In responding to an article by Warren Commission staffers Howard Willens and Richard in The American Scholar, Gary Aguilar and Cyril Wecht make a point that defenders of the Warren Commission cannot refute–and therefore rarely address–because it is undeniably true.
On November 22, Roger Stone, a master of dirty politics (“LBJ did it”) debated Gerald Posner, a persistent defender of the Warren Commission. (“Oswald did it.”).
I don’t find either theory convincing as I explained on Miami talk radio that same day. Read more
In JFK Files: Holland’s Magic Bullet, Dale Myers critiques Max Holland’s recent writing on the first gunshot fired President Kennedy’s motorcade. Holland has argued that the first shot grazed the arm of a lamp post and missed the motorcade, hit a curb and injured bystander James Tague.
In characteristically sharp language, Meyers finds Holland’s version wanting in evidence and logic. Myers argues for the Warren Commission’s version of the gunfire.
JFK Facts contributor Pat Speer responded to Holland’s theory last week.
“Perhaps there was only one assassin, but he did not act alone …. Dallas was the ideal location for such a crime.”
— William Walton, a friend of the Kennedys’, speaking on behalf of Robert and Jacqueline Kennedy. Walton delivered his message in Moscow to Georgi Bolshakov, who had been a backchannel to the Soviet leadership and was asked to repeat it to Soviet leader Nikita Khrushchev. This incident occurred a week after the assassination.
October 26, 2017 is about 11 months away. Why is this date important? Because it’s the 25th anniversary of the passage of the JFK Records Collection Act of 1992. But the significance goes beyond the normal anniversary nostalgia. Here is a section from the JFK Records Act:
Some caveats are necessary. We really don’t have much idea how the Trump presidency is going to work, at least not compared to any recent president. Trump himself doesn’t seem to have a clear plan, and on relevant policy issues, like governmental secrecy, he has no fixed policy positions.
The political reality is this: If Trump wants to be seen as the president who ended government’s ongoing, fifty three year old cover-up of relevant JFK files, he has a golden opportunity.
What will President Trump do come October 26, 2017 when all of the government’s remaining JFK files are due, by law, to be made public?
Mr. Larraín’s film, which opens on Friday, presents a Jackie (Natalie Portman) as savvy and exacting in managing her persona as any cinema diva of the day, her fixation on style anticipating the image-drunk culture that was to define the coming decades.
The death of Fidel Castro continues to revive memories of and debate about JFK’s assassination.
This RealClearPolitics take on Castro and the Kennedy Assassination falters when author James Piereson asserts
Oswald’s motives in shooting President Kennedy were almost certainly linked to his desire to block Kennedy’s campaign to assassinate Castro or to overthrow his government.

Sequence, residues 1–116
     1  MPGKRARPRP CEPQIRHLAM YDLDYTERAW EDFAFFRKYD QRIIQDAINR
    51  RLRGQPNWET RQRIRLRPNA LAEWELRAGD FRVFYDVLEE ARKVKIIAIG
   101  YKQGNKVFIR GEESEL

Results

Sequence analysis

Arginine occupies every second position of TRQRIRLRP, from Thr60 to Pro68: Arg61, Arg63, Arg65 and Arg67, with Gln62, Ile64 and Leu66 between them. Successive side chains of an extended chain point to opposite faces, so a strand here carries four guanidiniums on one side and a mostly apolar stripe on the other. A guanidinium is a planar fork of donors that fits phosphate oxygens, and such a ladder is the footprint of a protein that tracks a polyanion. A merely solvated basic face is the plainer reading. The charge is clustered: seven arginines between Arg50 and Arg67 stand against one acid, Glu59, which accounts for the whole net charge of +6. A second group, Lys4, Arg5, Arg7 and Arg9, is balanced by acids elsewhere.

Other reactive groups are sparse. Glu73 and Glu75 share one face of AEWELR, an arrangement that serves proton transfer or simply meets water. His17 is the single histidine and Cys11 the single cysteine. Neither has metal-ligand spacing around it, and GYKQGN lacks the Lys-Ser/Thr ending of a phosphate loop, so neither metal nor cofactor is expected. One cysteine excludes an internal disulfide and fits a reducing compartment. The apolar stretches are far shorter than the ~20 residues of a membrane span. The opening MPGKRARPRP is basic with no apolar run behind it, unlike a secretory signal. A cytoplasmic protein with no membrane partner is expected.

There is little evidence to support this claim.
“You of all people Jefferson Morley should understand exactly who and what Roger Stone is and you should also understand your personal responsibility to educate the facts of who and what he is .
Dorothy Kilgallen was one of the first female syndicated columnist in U.S. newspapers after World War II. After JFK was killed she broke a big stories about Jack Ruby, the assassin of accused assassin Lee Harvey Oswald.
This open letter was delivered to the Obama White House last week. We will post the response as soon as we get one.
In an open letter to the White House, a diverse group of JFK authors and investigators are calling on the president’s lawyer to endorse complete declassification of thousands of pages of still-secret government records related to the assassination of President John F. Kennedy on November 22, 1963.
Source: Featured Letter on 2017 Records
This 1977 CBS documentary exposed the CIA’s never-ending failure to oust Fidel Castro from power.
The miracle was that Fidel Castro died in his own bed. Never has a defiant antagonist of the United States of America met a more unlikely fate: a peaceful death. Hated, reviled and targeted by the greatest military empire in the history of the world, Castro launched a one-party socialist experiment in Cuba, which was so antithetical to Washington’s vision of a neoliberal world order that the empire struck back hard.
The CIA and its paid agents began plotting Castro’s violent demise in 1959 and continued to do so through the year 2000, concocting hundreds of conspiracies to kill him, 638 times by one well-informed Cuban intelligence official’s account. And the empire struck out every time.
As JFK investigator Gaeton Fonzi asked nearly 40 years ago: And Why, By the Way, is Fidel Castro Still Alive?
My friend Bill H writes of a recent post on Donald Trump,
Jeff, that is one of the more vehement attack dog articles I have read in a long time. I chuckled at her opening sentence. But what the author had to say does not bother me nearly as much as seeing Jeff Morley redirect his focus to the “Trump is like Hitler” bandwagon. Let me know when you get back to JFK Facts.